So what do you think? Will Precision Castparts keep America competitive with a hammerlock on key high tech manufacturing technologies? Or will it, at least, be a profitable investment? Share your thoughts with a comment below.

And if you’ve subscribed to the Motley Fool’s Stock Advisor, click here to review it[1] and let us know what you thought (or, of course, you can also click here to see the reviews from other Gumshoe readers[2]).

  1. Motley Fool’s Stock Advisor, click here to review it: http://www.sgumdev.stockgumshoe.com/reviews/motley-fool-stock-advisor/
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12 years ago

PCP is not only a casting company, which has bought up some of its competitors, but it is a forging company — because they bought up what used to be Wyman-Gordon. I’m surprised the Justice Department let ’em make these purchases, what with monopoly-like control of the first manufacturing phase of the parts needed to make jet engines. I owned PCP, sold in time to make a nice profit, and I’m watching it now. Given the agony being experienced in the airline industry, and with the airplane builders, I’ll stay on the sidelines for a while.

12 years ago

I agree wholeheartedly with Buuce. PCP is the supplier not only of parts for new engines but of replacement parts when the engines need overhaul. My money will wait for the bottom of the Markets when the share price is at a PE of 5 or less, however, and when (almost) new airplanes are no longer being parked/mothballed in the Arizona desert.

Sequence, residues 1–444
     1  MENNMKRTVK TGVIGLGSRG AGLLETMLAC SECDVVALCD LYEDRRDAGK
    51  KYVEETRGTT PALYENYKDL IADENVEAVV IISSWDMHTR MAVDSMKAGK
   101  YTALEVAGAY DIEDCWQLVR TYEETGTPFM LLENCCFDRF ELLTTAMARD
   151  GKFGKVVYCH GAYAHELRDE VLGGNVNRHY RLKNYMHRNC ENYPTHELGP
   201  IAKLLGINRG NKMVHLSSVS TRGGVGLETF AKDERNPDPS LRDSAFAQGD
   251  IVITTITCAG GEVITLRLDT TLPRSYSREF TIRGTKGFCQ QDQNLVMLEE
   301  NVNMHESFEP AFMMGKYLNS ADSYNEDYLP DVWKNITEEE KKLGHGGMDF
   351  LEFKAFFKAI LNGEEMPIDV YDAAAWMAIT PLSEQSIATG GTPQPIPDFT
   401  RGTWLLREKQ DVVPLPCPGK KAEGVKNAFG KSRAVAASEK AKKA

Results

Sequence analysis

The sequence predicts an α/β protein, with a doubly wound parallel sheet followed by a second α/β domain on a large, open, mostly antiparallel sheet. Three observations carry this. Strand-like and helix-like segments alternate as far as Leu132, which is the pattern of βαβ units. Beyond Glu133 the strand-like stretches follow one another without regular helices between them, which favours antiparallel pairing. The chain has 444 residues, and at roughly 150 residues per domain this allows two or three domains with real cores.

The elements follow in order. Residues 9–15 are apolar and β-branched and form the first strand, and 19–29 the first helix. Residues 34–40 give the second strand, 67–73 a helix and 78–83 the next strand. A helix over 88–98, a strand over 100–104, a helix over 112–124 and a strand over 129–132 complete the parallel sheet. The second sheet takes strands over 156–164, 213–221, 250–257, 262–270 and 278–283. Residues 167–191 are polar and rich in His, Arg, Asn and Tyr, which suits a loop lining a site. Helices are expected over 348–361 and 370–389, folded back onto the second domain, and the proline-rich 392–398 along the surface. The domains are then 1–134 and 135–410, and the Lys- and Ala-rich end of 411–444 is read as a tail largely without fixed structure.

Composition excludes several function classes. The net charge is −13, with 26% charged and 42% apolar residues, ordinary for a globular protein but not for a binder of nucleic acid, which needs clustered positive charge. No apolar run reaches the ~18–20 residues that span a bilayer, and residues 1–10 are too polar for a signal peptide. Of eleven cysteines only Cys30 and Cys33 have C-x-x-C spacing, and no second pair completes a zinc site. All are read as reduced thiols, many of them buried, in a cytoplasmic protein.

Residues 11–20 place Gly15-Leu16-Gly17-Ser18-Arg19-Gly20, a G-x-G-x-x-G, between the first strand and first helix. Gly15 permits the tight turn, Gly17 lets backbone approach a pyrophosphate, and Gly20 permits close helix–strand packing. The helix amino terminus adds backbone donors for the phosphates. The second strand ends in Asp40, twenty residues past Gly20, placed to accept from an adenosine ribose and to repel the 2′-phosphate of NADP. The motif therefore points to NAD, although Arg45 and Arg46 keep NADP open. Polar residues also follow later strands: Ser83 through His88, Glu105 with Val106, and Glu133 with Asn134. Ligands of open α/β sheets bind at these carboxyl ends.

12 years ago

If casting is high tech, then the US is in trouble. Technologies like electrochemical machining (a form of “sculpting” using electron charges) is already in the hands of Japan, India, South Korea and China. ECM, as it’s usually referred to, is just one of the inexpensive high-precision casting methods that are fairly well-known right now (although ECM isn’t strictly a casting method but it produces the same type of products that conventional casting does). This is the one US technical capability that can’t be outsourced elsewhere? Ha. The one constant truth with technology is that anyone out there can always copy it or dream up something better.

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12 years ago

Main street wishes this economy will recover, and typically ignores conflicting fundamentals
which is human nature. Little do they realize what their complacency and wishful thinking is enabling. Payback time will surely come sooner than we expect. Does 2 1/2 years of supporting banks and their currupt practices and ignoring the rest of us give you a clue?
I expect we will see ALL RED portfolio screens in the near future, similar to 2008. If that's the case then PCP will repeat to the downside once again along with everything else.
It sounds like a good stock for the short term as stimulus checks are expected this summer, but I will delegate it to the shopping list for "after the correction". Meanwhile I'm more concerned with perserving capital than growing it.

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10 years ago

Very interesting to see the results in the rear view mirror. For all the heck TMF catches, this is one they appear to have gotten right. They are up over double: